#misCOURAGE 07/09/17 by Gemma and Toby
We miscarried our first baby in March 2016. No bleeding or any real indication but simply a scan at 9 weeks and no heartbeat.
Devastating especially as we had recently moved to a military Base in Cyprus...so had very little close by support from family or friends. However, once I began being honest with people about what we were going through, it was amazing just how many others came forward to offer support after being through the same and just never talking about it.
But what I really wanted to share was our rainbow baby journey. We found out in August we were pregnant again, cue all the anxieties about the first one and wondering if we might go through it all again. Routine bloods at approx 8/9 weeks came back showing I was positive for Toxoplasmosis.
Not routinely screened for in the UK, so chances are I wouldn't have even known had I been pregnant there. Part of me wonders whether it would have been better to not know or not.
The consultant here was quite matter of fact and told us that although transmission risk is lower in early pregnancy, the effects are more severe if transmission does occur and the outcome could be severe deformities and or brain, sight and hearing issues. Options...to terminate now or wait for an amino at 20 weeks and risk having to terminate then and go through labour etc as well. I was devastated once more but overwhelmed with being given this decision, particularly as there is very little information about the diagnosis.
Some useful information from Tommy's sign posted via our fantastic midwife and we made the decision we could not live with the what ifs of an early termination and decided to continue with the pregnancy. A great GP supported us in accessing a drug which is supposed to help reduce transmission risks, though the lack of research in this area makes is difficult to know whether this was necessary or not.
Luckily a family member was friends with the ex-head of fetal research at a London hospital so we were able to get a little extra advice which was essentially that the risk of transmission was exceptionally low and that in all honesty the stress of the situation was likely to cause more damage than the actual infection.
Waiting until 20 weeks was long and full of emotion. Guilt that I'd unknowingly put something in my body that caused this risk to our baby, worry that the outcome would be bad and that we would have made the wrong decision and anger that something else was happening to us and our pregnancy.
Hit November. ..20 weeks amino was actually quite painful for me despite others telling me I probably would feel it. Whether an anterior placenta made the entry point slightly different or the general anxiety of the situation and my fear of needles heightened my pain I don't know but baby was wiggling so much they had to go in twice.
A week later and what felt like a horrifically lengthy wait including extra time because of a power cut at the lab and a bank holiday the results came back clear. Not 100% that baby hadn't transmitted but a fairly large step in our favour. We were finally able to share our news with family and friends and it then seemed like a very short pregnancy!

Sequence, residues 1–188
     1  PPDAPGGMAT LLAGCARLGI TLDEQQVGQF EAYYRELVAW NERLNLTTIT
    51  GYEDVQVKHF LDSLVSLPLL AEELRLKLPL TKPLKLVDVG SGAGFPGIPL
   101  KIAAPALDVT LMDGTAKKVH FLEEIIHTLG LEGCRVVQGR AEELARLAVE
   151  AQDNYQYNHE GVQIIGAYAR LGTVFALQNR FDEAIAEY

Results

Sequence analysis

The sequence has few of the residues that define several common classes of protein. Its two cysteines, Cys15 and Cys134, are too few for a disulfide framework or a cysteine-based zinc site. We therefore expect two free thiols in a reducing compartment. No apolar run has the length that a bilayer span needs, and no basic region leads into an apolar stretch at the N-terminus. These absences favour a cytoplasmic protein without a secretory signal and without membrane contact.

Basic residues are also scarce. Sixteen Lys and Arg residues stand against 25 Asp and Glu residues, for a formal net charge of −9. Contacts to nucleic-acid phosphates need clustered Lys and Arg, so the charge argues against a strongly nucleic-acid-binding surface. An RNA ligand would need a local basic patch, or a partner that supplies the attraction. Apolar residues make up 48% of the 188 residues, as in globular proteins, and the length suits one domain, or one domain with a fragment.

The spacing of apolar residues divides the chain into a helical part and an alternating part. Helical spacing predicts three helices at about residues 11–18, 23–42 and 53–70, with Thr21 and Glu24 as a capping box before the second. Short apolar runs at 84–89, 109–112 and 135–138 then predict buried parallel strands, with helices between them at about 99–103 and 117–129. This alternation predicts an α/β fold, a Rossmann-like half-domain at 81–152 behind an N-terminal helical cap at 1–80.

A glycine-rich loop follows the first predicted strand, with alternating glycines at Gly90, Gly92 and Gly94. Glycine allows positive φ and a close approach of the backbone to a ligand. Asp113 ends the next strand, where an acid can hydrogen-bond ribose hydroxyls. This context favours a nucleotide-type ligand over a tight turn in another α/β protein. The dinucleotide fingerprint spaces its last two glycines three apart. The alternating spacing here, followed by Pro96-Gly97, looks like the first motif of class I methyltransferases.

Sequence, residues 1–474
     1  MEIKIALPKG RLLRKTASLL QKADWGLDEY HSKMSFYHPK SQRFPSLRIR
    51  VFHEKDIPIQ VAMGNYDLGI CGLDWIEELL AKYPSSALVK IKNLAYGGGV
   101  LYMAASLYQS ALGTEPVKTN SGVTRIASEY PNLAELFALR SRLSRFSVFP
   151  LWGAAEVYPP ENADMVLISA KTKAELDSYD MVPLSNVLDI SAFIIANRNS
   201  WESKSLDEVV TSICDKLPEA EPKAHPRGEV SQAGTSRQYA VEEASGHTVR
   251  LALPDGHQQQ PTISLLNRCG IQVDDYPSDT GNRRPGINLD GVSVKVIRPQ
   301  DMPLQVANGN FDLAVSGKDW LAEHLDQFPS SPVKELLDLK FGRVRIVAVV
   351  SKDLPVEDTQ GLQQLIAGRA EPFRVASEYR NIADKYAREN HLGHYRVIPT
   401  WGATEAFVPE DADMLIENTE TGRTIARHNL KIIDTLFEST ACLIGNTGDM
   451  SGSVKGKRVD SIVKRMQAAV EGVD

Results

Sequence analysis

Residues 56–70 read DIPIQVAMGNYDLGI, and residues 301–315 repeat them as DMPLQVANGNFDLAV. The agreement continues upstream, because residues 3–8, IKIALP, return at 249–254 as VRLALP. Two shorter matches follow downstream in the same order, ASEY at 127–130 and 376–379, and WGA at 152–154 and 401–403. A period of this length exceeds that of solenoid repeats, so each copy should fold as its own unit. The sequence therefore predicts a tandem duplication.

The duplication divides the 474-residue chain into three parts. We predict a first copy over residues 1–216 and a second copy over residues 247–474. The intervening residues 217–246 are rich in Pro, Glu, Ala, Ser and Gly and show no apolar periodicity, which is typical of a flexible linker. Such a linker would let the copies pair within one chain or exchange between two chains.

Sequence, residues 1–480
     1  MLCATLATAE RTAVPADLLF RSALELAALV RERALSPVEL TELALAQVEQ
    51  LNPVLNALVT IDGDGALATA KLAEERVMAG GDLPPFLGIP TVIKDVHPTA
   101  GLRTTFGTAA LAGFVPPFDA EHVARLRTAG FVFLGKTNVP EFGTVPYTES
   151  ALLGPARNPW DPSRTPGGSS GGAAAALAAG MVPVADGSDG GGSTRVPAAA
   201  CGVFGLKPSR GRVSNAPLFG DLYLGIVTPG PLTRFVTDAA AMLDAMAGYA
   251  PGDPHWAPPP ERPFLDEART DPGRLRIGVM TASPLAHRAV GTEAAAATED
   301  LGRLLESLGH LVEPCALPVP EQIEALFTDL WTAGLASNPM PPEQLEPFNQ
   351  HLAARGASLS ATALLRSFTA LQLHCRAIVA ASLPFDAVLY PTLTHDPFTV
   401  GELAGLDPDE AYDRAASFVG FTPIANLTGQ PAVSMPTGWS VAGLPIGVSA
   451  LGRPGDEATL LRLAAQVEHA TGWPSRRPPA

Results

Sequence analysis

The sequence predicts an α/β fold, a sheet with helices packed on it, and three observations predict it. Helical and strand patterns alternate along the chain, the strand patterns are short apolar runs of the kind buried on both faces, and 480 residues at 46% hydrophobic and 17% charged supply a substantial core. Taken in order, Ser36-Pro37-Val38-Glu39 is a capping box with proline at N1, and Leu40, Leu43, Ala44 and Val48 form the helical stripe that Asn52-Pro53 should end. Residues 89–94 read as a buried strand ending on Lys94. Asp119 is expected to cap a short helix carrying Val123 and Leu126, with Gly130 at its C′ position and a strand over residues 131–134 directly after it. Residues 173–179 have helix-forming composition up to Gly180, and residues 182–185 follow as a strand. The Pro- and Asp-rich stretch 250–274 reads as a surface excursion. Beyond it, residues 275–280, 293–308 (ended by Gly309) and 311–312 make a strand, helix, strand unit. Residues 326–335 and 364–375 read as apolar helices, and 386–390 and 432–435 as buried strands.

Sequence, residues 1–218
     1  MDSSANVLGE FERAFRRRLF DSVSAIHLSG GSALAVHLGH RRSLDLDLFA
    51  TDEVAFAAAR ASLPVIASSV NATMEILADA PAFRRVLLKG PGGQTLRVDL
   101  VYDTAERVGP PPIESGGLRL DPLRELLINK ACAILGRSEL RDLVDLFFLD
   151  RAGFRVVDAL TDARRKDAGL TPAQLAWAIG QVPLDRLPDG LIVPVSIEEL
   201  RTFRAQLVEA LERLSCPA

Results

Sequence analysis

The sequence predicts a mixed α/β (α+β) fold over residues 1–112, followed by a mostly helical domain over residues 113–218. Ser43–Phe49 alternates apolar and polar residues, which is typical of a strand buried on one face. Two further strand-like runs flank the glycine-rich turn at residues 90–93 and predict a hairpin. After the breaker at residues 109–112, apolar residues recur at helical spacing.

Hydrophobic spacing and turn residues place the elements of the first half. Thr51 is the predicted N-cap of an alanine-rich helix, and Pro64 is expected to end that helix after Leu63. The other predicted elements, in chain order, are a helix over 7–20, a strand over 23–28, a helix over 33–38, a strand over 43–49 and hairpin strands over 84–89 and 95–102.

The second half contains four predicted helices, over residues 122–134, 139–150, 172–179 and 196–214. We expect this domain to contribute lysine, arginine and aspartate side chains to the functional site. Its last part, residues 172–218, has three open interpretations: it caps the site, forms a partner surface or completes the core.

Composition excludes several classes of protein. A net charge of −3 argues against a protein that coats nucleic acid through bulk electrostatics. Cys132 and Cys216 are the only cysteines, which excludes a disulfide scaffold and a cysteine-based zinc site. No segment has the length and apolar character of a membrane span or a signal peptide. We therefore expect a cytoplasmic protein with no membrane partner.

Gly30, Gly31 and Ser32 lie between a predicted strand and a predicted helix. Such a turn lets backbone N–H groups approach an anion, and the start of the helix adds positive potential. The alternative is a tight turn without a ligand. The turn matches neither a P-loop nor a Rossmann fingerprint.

Fast forward to April and our beautiful baby girl Alice was born via c section weighing a healthy 9lbs 9oz. She looked perfect and has up until this point had clear hearing and sight tests. We had a brain ultrasound as a follow up and one tiny spot of calcification was found on her brain...cue panic. A health visitor and GP pointed out that since we don't routinely scan babies brains...we Don know if a small spot of calcification is normal for a baby anyway. Our paediatrician felt that unless sight and hearing issues appeared then there is no cause for further investigation. We have an additional and more comprehensive hearing screening at 8 months in the UK but in the meantime we are enjoying our wonderful girl ad watching her thrive and develop has been the most amazing thing for us. She seems bright and alert and healthy and is feeding well.
I would say to anyone who is going through a toxoplasmosis situation that it is hard and there isn't a lot of research about the process during or even what might happen as our little girl gets older but try and arm yourself with whatever information you can and stay healthy and positive and hopefully your our come will be as happy as ours!
Ultimately talk! Talk to people about what you are going through and you might just find someone else has been through similar! Ask for help and support if you need it!
Please note that the opinions expressed by users in Tommy’s Book of #misCOURAGE are solely those of the user, who is unlikely to have had medical training. These opinions do not represent the opinions of Tommy’s and are not advice from Tommy's. Reading individual, real-life experiences can be a helpful resource, but it is never a substitute for professional medical advice, diagnosis or treatment from a qualified health care provider. We strongly advise readers not to take drugs that are not prescribed by your qualified healthcare provider. If you think you may have a medical emergency, call your doctor, midwife or hospital immediately. Read full disclaimer